We have all heard the phrase before, “It’s for the children.” In the best intentions much is done with that refrain in mind. We are asked to vote on, and are taxed by, we support their extracurricular activities, and defend their rights to a fair and proper education. We even move when we are in the way of that progress, that “for our children.”
The Everett School Board has voted 4-0, to use the very powerful and more widely used these days, Eminent Domain Process to drive property owners off of their properties. In the Eminent Domain process, you are supposed to receive fair compensation for your property that the government is condemning in order to obtain it. In the case of the Everett School District, they are using pricing measures that do not even allow these people to move next door, let alone a fair and honest evaluation. The numbers being reached by the ESD, and the property owners are far different than what the market says it should be. So in order to fight the few property owners, Eminent Domain is being used.
Eminent domain is the exercise of the power of government to acquire private property necessary for a public use on the payment of just compensation and following due process of law. Proceedings to take property under eminent domain are referred to as “condemnation” proceedings. The property that governments may condemn includes fee title as well as lesser interests in real property, such as easements, and also “non-physical” interests such as air rights.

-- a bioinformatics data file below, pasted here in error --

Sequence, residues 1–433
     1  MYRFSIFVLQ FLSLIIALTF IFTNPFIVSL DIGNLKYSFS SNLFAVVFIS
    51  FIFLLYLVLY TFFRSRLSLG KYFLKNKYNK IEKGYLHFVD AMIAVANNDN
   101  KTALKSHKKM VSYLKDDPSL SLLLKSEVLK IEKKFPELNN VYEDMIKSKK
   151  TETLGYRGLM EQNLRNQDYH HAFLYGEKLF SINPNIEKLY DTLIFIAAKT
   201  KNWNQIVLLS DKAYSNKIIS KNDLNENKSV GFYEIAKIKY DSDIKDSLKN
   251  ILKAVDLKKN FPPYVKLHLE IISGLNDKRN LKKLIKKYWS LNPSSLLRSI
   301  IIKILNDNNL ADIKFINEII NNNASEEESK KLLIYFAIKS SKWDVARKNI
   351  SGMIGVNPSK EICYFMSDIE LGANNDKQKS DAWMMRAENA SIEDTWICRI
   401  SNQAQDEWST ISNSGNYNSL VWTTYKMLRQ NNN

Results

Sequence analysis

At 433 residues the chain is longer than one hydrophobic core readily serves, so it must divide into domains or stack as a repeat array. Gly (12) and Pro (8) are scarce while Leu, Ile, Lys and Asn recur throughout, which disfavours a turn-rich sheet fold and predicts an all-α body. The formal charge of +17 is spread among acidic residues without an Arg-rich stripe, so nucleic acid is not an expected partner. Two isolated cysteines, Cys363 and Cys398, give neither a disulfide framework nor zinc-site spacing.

Under long-standing case law, for a proposed condemnation to be determined by a court to be lawful, the condemning authority must prove that: (1) the use is really public; (2) the public interest requires it; and (3) the property appropriated is necessary for that purpose.
Private property may not be taken for private uses, except for limited purposes authorized by article 1, section 16 of the state constitution. That section states, in part, that “Private property shall not be taken for private use, except for private ways of necessity, and for drains, flumes, or ditches on or across the lands of others for agricultural, domestic, or sanitary purposes.” Nevertheless, the 2005 U.S. Supreme Court decision in Kelo v. City of New London, 545 U.S. 469 (2005), raised concerns over whether the state constitution allows local governments to exercise the power of eminent domain for economic development purposes. See The Kelo Decision and Condemnation for Economic Development.
In the midst of paperwork meant to boggle the average mind, RCW’s that may or may not pertain to your case, and all manner of double speak, they always win. To be served papers on the 7th of a month and expect a 50 plus year family property to be vacated by the 20th of that same month is ridiculous at best and flies into the face of fairness. The Everett School Board and it’s ringleader who happens to be a professional at expanding properties more than education, needs to pay up and play fair and square. Needless to say that the property is already accounted for in a rezoning that will make it worth ten times the amount they have assessed it at. So this is not only a land grab in the most blatant way, but also a money making scheme for the district in the long run. Yes, we want our kids to be taken care of, but at which cost? I think it would serve them to teach right and wrong before they teach how to make money by any means.
Martin E. Douge